Faith leaders say poverty, violence is behind migrant caravans

Faith leaders say the thousands of people in migrant caravans travelling through central America from Honduras are leaving their homes under duress.

Many caravan members say they cannot make ends meet in their home countries due to low wages, extortion or unemployment, says Nathanael Bacon, a Catholic deacon who lives in Guatemala.

The faith leaders are calling on US President Donald Trump and other US officials to stop using the caravan as a political pawn.

They want to ensure due process for asylum seekers and treat all migrants with respect.

They also say the current US trade policy, land reform and non-military aid solutions need examination.

“Nobody wants to leave their homeland. Nobody wants to leave their culture. Nobody wants to leave their family. It’s something they’re forced to do,” says Daniel St. Laurent who serves the chaplain at the Juticalpa Campus of the Catholic University of Honduras.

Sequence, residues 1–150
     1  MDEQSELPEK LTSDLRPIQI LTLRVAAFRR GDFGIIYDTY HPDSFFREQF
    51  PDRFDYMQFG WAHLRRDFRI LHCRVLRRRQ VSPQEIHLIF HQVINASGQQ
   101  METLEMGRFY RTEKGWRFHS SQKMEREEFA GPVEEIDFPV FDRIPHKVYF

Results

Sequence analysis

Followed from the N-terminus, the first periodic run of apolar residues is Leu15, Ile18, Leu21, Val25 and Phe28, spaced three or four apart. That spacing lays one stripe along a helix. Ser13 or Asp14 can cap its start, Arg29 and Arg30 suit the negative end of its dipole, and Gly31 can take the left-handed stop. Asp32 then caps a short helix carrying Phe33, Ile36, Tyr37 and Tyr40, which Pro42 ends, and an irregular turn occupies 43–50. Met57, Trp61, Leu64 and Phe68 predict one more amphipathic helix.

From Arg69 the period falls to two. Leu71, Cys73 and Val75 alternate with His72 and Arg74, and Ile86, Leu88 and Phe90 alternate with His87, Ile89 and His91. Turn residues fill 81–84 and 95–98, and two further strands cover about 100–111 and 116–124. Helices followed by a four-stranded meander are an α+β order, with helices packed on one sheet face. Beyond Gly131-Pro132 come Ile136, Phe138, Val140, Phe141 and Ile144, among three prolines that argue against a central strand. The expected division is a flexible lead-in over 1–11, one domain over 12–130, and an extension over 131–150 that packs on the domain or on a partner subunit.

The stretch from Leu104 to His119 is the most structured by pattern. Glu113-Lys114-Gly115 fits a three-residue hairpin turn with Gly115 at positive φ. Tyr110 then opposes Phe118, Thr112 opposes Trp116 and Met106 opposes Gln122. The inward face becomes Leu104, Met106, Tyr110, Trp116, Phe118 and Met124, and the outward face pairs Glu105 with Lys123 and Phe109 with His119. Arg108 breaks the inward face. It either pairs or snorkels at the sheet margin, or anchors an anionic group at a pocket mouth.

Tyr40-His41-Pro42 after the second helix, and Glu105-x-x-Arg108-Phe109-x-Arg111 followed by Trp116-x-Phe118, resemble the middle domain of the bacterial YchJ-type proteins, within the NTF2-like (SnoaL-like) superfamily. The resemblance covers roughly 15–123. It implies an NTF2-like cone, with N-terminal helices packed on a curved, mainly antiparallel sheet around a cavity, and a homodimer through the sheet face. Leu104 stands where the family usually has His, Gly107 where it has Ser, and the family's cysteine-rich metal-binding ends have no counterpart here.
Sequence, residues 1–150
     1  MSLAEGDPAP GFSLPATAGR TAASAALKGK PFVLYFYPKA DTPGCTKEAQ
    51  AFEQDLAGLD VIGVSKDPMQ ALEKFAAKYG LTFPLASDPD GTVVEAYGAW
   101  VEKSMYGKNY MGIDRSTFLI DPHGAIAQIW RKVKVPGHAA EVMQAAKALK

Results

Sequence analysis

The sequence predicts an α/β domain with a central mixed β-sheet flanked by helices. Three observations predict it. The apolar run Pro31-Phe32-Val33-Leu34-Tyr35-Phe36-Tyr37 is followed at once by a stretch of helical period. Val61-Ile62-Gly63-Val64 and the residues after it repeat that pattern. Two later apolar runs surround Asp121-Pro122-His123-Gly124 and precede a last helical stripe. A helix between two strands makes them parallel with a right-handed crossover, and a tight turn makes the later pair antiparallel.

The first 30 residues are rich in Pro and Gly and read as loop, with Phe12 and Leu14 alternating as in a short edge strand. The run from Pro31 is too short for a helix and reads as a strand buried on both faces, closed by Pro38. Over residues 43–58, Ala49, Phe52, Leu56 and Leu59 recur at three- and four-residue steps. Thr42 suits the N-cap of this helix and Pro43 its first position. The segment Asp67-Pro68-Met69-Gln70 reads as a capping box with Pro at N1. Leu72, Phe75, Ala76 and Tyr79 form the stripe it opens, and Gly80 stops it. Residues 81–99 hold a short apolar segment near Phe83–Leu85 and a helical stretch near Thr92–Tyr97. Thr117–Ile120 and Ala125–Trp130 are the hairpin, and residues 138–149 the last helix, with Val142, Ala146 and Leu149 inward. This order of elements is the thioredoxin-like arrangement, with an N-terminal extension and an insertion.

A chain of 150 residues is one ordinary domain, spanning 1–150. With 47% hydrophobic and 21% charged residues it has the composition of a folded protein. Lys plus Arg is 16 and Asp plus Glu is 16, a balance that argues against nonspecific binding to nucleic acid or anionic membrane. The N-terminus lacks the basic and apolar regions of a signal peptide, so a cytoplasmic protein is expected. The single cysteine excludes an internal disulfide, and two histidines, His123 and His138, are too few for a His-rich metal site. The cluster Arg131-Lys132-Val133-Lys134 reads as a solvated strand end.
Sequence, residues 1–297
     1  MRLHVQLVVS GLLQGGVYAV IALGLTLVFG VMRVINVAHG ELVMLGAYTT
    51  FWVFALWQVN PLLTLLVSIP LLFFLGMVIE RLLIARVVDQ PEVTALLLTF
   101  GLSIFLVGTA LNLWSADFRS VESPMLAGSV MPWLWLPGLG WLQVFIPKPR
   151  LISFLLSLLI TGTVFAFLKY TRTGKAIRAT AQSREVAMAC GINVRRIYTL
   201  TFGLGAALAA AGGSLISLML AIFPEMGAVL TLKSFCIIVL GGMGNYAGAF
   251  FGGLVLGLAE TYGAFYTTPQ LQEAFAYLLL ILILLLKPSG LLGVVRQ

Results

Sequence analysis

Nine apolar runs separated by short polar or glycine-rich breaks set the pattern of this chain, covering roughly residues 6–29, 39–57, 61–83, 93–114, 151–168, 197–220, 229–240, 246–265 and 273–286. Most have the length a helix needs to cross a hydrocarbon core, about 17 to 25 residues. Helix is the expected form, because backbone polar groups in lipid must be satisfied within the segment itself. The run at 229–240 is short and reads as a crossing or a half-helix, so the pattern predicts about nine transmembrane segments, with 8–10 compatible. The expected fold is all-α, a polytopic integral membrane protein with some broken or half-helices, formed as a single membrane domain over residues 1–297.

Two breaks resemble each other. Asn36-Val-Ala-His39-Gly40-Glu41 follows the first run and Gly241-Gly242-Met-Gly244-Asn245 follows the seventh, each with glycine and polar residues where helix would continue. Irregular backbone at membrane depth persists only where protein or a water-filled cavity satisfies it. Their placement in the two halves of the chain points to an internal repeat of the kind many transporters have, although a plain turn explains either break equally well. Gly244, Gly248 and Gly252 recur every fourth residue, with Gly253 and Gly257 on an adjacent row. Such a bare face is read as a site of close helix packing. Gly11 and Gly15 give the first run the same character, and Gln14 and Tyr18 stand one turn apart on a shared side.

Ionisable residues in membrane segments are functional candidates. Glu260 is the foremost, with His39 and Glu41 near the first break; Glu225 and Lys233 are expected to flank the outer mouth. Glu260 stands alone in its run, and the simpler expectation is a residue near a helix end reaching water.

If Central Americans are to be able to remain in their home country, faith leaders say the US needs to recognise how it has contributed to instability, violence and poverty in the region and take steps to address those root causes of migration.

“As a country, we should be much more compassionate but also smarter,” said Bacon, who works with InnerCHANGE, an ecumenical Christian order that cares for the poor.

“We’re so uncreative, building up systems that only benefit security firms, the apparatus in the detention centres. If we could reinvest that in a way that’s creative and compassionate, we might be able to reduce the number of folks that are forced to migrate.”


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